What do modern students want in a textbook? Writers want to know.

I was intrigued by an article in Research Information, a newsletter for libraries and publishers. “The rise and rise of e-reading” discussed the growth in electronic textbooks and articles. As a writer I have been intrigued by the potential for embedding interactive components and live links in texts, but disappointed to find that such materials are more typically relegated to a companion website. In my previous faculty role, I noticed a gap between the university’s enthusiasm for adopting e-books, and my students’ preference for paper textbooks. As a reader, I prefer e-books when I read for enjoyment, but usually like paper when I am working with textbooks. I thought I’d dig a bit more, and share what I discover with you, my fellow writers.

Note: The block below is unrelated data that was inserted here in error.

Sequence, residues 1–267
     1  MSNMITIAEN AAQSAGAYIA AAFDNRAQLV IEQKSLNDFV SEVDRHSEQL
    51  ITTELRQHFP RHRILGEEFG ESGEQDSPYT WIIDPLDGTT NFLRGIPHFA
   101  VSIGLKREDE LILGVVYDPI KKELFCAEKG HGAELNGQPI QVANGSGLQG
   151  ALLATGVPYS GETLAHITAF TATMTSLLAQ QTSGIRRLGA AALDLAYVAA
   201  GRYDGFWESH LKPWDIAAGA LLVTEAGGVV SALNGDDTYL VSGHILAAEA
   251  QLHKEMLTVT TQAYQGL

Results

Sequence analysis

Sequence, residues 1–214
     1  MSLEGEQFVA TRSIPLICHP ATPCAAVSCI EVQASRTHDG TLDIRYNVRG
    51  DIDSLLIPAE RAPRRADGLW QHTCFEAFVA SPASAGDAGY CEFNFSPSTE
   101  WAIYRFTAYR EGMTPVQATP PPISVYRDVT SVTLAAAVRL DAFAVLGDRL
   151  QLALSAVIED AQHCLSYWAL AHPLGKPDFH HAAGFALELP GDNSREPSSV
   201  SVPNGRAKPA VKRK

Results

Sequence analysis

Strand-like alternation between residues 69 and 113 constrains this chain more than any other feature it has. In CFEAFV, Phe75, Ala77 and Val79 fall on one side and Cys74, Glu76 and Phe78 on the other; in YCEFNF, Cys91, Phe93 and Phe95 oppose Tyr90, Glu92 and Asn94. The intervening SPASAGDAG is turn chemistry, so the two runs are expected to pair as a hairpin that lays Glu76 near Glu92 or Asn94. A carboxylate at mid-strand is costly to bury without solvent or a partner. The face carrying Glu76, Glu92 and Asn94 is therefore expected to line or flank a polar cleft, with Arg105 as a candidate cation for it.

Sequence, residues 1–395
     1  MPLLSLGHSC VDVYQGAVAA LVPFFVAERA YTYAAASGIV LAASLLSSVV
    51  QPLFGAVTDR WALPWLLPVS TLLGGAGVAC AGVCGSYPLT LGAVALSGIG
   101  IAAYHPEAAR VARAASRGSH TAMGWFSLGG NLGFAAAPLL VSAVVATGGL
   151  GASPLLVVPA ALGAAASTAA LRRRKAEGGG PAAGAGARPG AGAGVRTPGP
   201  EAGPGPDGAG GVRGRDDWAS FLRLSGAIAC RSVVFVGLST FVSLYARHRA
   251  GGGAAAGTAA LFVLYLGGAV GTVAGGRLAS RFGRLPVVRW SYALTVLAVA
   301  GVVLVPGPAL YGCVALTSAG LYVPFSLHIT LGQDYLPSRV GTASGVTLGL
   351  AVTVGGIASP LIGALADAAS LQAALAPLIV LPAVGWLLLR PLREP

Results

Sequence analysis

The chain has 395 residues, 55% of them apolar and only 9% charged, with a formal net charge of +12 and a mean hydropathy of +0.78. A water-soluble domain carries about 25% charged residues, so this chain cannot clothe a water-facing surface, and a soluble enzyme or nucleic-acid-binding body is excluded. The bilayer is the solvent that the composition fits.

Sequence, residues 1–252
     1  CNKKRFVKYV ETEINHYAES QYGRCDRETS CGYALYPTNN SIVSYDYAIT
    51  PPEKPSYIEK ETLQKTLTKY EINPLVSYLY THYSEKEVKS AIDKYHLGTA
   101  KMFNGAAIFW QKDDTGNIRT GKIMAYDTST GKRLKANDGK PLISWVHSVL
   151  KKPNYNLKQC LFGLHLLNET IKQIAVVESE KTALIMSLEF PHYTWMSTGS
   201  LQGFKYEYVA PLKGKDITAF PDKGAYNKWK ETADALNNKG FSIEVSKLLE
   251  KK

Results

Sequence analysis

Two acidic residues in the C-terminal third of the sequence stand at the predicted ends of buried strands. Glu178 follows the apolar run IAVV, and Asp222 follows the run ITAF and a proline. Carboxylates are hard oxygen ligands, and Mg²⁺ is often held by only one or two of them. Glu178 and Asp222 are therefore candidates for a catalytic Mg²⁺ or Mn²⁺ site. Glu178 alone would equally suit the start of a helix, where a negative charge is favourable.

What did publishers say in “The rise and rise of e-reading”?

Is digital really better than print? Authors share their perspective

While the debate over print versus digital textbooks (etextbooks) is not new, the content of that debate has shifted in recent years to which is a more effective learning tool for students. As publishers, instructors and students push towards offering more digital textbooks and learning products, will the benefits outweigh the negatives? Several studies have found that it not only takes readers longer to read text on a screen, they tend to skim much more and thus absorb and retain less information than reading from a physical book. Other etextbook readers have reported the tendency to multi-task while reading. One study reported that 90% of students said they were more likely to multi-task when reading onscreen versus 1% who said they multi-task when reading a print book.